FTC Cracks Down on ‘Up To’ Claims, Stating Most Customers Must Receive Maximum Benefit

The Federal Trade Commission (FTC) recently issued a study indicating that when marketers use the phrase “up to” in claims about their products, many

The Federal Trade Commission (FTC) recently issued a study indicating that when marketers use the phrase “up to” in claims about their products, many consumers are likely to believe that they will achieve the maximum “up to” results. The study describes how a group of consumers thought replacement home windows purporting to provide “up to 47%” savings in energy costs would provide that much for all or most buyers. ear mite treatment cats ivermectin

The FTC has also been cracking down on companies that use “up to” claims, officially stating that they want environmental marketing to be truthful and based on scientific evidence. An in fact, in the proposed consent orders, the FTC required each company substantiate savings claims that include the words “up to” by having competent and reliable scientific evidence to substantiate that all or almost all consumers are likely to achieve the maximum savings claimed.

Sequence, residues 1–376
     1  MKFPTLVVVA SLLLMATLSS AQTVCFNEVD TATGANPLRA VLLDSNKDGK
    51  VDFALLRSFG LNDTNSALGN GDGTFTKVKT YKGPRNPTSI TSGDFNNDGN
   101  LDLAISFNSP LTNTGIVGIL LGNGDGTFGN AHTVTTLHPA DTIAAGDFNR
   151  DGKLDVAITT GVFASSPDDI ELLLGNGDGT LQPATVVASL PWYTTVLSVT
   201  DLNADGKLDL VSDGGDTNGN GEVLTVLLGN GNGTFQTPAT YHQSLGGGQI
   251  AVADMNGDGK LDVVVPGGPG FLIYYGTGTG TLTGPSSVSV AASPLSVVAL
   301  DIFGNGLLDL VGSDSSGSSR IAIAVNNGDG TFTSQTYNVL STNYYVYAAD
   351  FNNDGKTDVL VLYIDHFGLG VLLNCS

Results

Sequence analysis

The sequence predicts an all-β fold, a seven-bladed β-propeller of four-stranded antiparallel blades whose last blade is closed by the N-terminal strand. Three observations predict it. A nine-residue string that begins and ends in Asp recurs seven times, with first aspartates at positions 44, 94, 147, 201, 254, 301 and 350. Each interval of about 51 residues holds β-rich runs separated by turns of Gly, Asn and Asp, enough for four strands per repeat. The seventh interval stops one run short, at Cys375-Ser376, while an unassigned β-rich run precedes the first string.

This is importance information for subscription and paid content sites that may be making claims about the benefits of their product. use ivermec for dig heartworm flea tick control? As legal expert Lisa Dubrow explained, “Although this is a settlement and not new law, this is reflective of the FTC’s views on what support is necessary to substantiate a truthful claim and therefore should be taken into consideration when making ‘up to’ claims in advertising.”

Update (7/23/12):Our CFO Cassandra Farrington came across some clever wording that highlights one company’s benefits without running afoul of the new FTC ruling:

Automatic Account Updater Yields an almost immediate revenue lift without any investment of resources. In the first 10 Weeks after turning on the service, one merchant realized 0,000 in revenue that otherwise would have been lost. can you use both premethrin cream and ivermectin on humans

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